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 Post subject: South Sister Summit Sunrise Solitude, 5/6-July-2013
 Post Posted: July 9th, 2013, 12:47 am 
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Joined: June 21st, 2012, 10:55 am
Posts: 3775
Location: Salmon Creek
Last summer, I was totally inspired by potato's rad report on summiting South Sister for the sunrise. A few weeks ago I sent that link to Peder, and wondered what he thought about the logistics. Wham! Nearly right away, he had it all laid out, and pretty much just said, "pick a clear night, and lemme know!" Well, we wanted to go during the full moon a couple weeks ago. Didn't happen. Heh, ended up doing it on a new moon, instead! Ah well... :D

We met in Sandy at a bit past 6pm last Friday, and drove almost straight to the trailhead, stopping only for a quickie fill-up and again at a weigh station with a killer view of the Sisters to eat a sandwich. By 9:30, we were closing in on Mount Bachelor ski area, and shortly after 10pm we were on the trail! I'm not sure how this happened, but we ended up waaaaay ahead of our game, and had to intentionally slow down to a sluggardly pace that was just fast enough to stay warm, in order not to get to the top with hours to spare! This had the unanticipated consequence of meaning we didn't even break a sweat.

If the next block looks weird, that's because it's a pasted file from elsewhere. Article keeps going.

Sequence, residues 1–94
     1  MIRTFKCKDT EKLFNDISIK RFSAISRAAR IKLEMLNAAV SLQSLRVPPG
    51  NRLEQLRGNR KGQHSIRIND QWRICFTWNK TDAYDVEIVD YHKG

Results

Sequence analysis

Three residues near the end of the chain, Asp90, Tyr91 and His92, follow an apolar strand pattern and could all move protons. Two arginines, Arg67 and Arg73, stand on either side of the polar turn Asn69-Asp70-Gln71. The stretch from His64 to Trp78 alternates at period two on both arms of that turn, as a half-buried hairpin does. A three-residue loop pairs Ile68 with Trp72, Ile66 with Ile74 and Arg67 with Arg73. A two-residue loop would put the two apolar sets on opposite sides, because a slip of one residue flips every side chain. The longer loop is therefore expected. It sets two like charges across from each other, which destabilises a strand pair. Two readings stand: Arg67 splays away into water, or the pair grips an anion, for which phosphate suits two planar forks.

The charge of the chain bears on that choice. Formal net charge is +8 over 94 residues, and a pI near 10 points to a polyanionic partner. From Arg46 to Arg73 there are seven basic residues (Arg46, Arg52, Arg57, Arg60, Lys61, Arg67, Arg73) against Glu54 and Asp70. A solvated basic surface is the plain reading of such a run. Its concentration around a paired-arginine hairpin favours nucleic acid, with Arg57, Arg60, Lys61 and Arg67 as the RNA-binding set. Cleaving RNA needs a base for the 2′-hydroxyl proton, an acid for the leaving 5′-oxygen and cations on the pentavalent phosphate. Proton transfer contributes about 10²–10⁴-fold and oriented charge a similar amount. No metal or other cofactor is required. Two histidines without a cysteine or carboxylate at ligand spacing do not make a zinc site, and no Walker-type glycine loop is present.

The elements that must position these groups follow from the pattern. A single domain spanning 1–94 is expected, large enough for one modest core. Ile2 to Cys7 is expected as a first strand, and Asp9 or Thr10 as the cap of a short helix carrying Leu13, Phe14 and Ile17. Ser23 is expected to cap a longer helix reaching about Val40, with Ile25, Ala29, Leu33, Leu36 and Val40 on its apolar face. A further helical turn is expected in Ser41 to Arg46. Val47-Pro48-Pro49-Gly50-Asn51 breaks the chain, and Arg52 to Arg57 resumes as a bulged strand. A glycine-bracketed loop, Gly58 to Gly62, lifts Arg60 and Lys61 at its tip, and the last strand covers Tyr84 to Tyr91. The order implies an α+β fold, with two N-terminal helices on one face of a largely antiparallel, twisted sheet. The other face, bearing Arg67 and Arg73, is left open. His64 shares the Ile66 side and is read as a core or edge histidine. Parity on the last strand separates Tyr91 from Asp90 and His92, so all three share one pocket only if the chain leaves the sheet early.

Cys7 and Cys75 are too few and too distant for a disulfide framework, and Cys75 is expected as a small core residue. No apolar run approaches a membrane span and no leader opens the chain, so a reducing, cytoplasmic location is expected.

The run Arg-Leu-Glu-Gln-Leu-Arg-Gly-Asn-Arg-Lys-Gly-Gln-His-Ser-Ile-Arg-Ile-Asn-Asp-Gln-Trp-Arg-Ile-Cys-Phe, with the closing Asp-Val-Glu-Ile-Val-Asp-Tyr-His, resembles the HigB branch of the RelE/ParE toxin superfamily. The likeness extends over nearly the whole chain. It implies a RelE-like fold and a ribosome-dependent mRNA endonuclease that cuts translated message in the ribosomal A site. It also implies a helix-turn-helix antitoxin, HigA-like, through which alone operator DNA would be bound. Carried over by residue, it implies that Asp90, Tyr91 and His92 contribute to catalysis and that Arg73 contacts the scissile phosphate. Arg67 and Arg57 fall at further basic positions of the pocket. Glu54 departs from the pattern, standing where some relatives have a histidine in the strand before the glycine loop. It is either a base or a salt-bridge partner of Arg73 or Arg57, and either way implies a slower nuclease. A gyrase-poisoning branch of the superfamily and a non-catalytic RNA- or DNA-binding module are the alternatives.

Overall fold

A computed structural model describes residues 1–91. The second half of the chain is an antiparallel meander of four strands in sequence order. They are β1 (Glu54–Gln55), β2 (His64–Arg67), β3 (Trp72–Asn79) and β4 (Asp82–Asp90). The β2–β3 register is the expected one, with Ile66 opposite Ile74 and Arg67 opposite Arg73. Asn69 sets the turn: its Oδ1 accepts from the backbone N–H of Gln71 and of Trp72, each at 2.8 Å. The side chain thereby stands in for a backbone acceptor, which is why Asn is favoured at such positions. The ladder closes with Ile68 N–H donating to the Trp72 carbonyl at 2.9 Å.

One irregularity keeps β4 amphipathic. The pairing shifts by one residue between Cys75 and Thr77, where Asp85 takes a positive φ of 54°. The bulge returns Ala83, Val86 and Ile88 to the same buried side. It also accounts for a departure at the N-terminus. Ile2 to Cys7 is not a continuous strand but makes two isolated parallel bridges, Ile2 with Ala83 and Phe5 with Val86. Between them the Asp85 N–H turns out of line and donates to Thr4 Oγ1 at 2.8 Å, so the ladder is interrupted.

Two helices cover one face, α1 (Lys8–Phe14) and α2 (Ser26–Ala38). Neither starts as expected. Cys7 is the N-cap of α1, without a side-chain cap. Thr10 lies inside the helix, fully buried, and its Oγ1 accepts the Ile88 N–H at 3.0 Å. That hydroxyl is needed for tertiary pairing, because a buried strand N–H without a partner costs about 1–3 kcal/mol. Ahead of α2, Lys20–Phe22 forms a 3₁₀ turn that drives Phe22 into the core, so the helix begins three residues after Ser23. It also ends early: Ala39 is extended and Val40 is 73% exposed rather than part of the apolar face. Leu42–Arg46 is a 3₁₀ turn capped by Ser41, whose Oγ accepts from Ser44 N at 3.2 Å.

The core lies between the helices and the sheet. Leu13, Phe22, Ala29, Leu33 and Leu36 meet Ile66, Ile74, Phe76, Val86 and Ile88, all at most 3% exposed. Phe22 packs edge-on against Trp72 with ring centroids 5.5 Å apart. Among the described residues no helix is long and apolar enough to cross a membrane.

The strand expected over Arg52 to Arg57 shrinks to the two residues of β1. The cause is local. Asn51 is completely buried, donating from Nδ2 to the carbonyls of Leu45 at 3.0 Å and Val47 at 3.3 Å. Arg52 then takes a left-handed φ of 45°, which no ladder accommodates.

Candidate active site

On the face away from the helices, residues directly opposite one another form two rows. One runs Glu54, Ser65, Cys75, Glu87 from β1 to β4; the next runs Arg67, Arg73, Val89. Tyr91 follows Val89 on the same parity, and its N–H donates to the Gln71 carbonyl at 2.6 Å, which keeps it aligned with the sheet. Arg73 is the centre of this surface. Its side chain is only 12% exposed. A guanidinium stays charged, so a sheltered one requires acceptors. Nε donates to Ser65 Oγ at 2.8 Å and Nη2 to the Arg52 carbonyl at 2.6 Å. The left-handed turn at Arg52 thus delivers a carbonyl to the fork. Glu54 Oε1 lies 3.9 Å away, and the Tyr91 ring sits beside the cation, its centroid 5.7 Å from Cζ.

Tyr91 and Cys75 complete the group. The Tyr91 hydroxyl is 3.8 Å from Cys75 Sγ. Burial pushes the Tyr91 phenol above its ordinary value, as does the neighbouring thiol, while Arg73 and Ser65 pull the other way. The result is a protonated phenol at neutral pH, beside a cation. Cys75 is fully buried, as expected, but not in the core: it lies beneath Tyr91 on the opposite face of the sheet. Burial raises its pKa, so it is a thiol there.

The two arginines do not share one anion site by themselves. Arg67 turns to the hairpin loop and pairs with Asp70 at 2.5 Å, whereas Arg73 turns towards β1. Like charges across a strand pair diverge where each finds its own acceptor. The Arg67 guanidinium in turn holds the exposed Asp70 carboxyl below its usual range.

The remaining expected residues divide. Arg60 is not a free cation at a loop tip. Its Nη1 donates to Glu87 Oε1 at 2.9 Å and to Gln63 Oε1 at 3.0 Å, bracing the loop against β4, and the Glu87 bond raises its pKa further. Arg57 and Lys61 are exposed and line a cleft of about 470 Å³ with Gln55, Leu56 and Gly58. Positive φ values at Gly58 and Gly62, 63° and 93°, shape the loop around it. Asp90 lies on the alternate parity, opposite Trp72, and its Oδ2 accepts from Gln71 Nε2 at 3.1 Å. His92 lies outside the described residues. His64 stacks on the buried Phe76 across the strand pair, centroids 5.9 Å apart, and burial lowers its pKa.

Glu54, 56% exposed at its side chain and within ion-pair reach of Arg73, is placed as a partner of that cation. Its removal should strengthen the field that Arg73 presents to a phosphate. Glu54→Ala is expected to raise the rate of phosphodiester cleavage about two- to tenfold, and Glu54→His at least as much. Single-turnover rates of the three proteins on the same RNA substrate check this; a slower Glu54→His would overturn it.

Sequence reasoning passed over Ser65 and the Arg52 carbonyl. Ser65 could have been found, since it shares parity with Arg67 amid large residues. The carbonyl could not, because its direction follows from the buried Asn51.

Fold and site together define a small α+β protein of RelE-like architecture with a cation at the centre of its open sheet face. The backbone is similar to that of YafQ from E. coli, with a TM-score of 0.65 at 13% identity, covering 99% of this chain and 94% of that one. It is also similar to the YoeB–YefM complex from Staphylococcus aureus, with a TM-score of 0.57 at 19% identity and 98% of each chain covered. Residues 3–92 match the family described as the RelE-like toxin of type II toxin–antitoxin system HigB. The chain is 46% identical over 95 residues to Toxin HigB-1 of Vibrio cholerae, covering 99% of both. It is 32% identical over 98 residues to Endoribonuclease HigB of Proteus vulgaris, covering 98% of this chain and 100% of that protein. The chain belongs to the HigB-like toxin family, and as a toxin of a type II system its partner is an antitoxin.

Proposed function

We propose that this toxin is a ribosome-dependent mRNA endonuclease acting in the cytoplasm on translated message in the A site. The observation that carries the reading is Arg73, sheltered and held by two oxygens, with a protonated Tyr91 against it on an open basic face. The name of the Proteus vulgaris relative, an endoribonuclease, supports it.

Still, we ended up cresting the crater rim at 3:50am, which was about 1.5 hours from sunrise. It wasn't long before the light show began, though! And boy, what a show it was... 8-)

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4:56am Nearly 30 minutes before sunrise. L-to-R volcanoes: Middle, TFJ, MSH, Jeff, North, Rainier, Hood, Adams!


Back to the trailhead. The Devil's Lake parking area is huge. And extremely easy to get to, other than the long drive. Once there, we just hung the NW Forest Pass, did the final equipment check, and hit the trail. Which is marked extremely well, despite some websites warning about getting off on the wrong one.

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9:30pm Our quest in sight, the day nearly gone, we're about to pass Mount Bachelor and nearly to the TH.


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10:10pm Clearly, far too excited to take the traditional trailhead shot!


The first 1.5 miles, or so, climb quickly through a forest and emerge onto a relatively flat ash-covered plain that goes for another couple miles before climbing begins again. The temps were in the mid-40s at this point, and the goin' was easy. We crossed occasional snowfields, but seemed to have no trouble staying on the trail, admittedly with the help of a track I scrounged off the interweb.

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10:50pm We'd pass through pockets of warmer or cooler air, sort of like swimming in a public pool. The hood felt good at times. (photo: Peder)


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11:35pm We pass a four-way junction near Moraine Lake. Might've awoken someone here? Saw a light later, looking back.


We did hit one patch of fairly steep, very compact, very frozen snow at a bit over 8000'. I put on my spikes and had full confidence. Peder managed, very well, getting through that stretch. From there, it was rock the rest of the way. Mostly unconsolidated. Not being in a hurry, it was simply a matter of perseverance, now. One step after another.